The death of Justice Antonin Scalia this weekend comes at a significant time, as the United States approaches a presidential election. Unsurprisingly, while some of the news coverage has focused on the substance of Scalia’s nearly 30-year career as a Supreme Court justice, much of it has focused on the challenges of replacing him.
The public knew Justice Scalia as a conservative, particularly on social issues like abortion, the death penalty, and same-sex marriage. Attorneys will remember Justice Scalia as an “originalist” who believed that the Constitution should be interpreted as the founders intended and a “textualist” who interpreted laws by looking only at the words on the page. Court watchers admired Justice Scalia’s beautifully written, clear, and often colorful opinions.
But what was Justice Scalia’s impact on state and local government?
Justice Scalia will probably be most remembered for writing District of Columbia v. Heller (2008), holding that the Second Amendment protects an individual’s right to possess a gun for traditionally lawful purposes, such as self-defense, within the home.
Like most conservatives, Scalia was often sympathetic to states’ rights. For example, in his dissenting opinion in the same-sex marriage cases he criticized the Court for acting as a “super” legislature. And his dissenting opinion in Arizona v. United States (2012), involving challenges to Arizona laws designed to crack down on illegal immigration, rested on state sovereignty.
Scalia (again like other conservative justices) regularly supported property owners in land use and taking cases. For example, early on the bench, he wrote the court’s opinion in Nollan v. California Coastal Communities (1987), holding that conditioning the granting of a building permit upon the applicants' dedication of property to the public without compensation could amount to an unconstitutional taking.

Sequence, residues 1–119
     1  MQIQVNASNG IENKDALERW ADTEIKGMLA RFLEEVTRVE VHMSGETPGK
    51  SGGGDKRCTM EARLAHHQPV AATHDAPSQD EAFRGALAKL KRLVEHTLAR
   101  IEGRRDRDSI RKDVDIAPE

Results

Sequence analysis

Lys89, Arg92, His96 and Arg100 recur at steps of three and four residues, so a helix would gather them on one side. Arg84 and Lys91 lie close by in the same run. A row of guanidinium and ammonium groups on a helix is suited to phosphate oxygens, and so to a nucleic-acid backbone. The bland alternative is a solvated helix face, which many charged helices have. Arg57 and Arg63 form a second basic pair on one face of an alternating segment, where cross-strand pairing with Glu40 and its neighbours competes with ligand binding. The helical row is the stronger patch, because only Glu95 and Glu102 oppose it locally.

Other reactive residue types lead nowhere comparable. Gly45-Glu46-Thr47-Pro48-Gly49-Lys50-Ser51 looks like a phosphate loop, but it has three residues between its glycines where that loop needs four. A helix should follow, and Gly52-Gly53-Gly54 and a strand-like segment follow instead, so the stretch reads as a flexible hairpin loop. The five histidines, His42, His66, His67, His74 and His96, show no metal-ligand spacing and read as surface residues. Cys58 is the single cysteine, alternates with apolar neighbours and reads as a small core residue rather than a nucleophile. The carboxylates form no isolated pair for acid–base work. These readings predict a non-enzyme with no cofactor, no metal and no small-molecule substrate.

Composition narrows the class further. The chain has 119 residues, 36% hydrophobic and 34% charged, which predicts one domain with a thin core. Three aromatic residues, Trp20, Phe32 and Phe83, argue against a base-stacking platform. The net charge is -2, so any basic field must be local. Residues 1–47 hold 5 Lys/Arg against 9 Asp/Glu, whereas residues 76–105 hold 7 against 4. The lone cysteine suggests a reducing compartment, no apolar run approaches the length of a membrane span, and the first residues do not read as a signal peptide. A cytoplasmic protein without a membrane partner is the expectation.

Scalia was generally supportive of state and local government in qualified immunity cases. Specifically, he wrote the court’s opinion in Scott v. Harris (2007), which held that an officer using deadly force to stop a speeding motorist was entitled to qualified immunity.
When it came to Fourth Amendment searches, Scalia’s jurisprudence was notably mixed. For example, he dissented from the court’s decision in Maryland v. King (2013), upholding warrantless DNA testing of arrestees. But he also dissented from the court’s decision in Los Angeles v. Patel (2014), holding that hotel registry ordinances allowing police inspections without pre-compliance judicial review violate the Fourth Amendment.
Justice Scalia wasn’t one to turn a blind eye on how a case would affect state and local government. In fact, just last term in Los Angeles v. Patel, he cited to the State and Local Legal Center’s amicus brief in his dissenting opinion supporting the Los Angeles ordinance, noting that such ordinances and state statutes are common.
Just this month, the State and Local Legal Center (SLLC) filed an amicus brief asking the court to hear United Student Aid Funds v. Bible and overturn Auer deference to federal agencies. Justice Scalia wrote the opinion in Auer v. Robbins (1997), holding that courts must defer to an agency’s interpretation of its own regulations. In Perez v. Mortgage Bankers Association (2015), Justice Scalia (and two other justices) expressed skepticism about Auer.
What will happen to undecided Supreme Court cases heard or to be heard this term? Specifically of interest to GFOA, what might happen in the notable public sector unions’ case?
In Friedrichs v. California Teachers Association, the court will decide whether to overrule Abood v. Detroit Board of Education (1977), requiring public sector employees who don’t join the union to pay their “fair share” of collective bargaining costs. Justices Scalia and Kennedy joined two previous Justice Alito opinions criticizing Abood. This case is likely to be reheard.
(Written by the SLLC’s Lisa Soronen)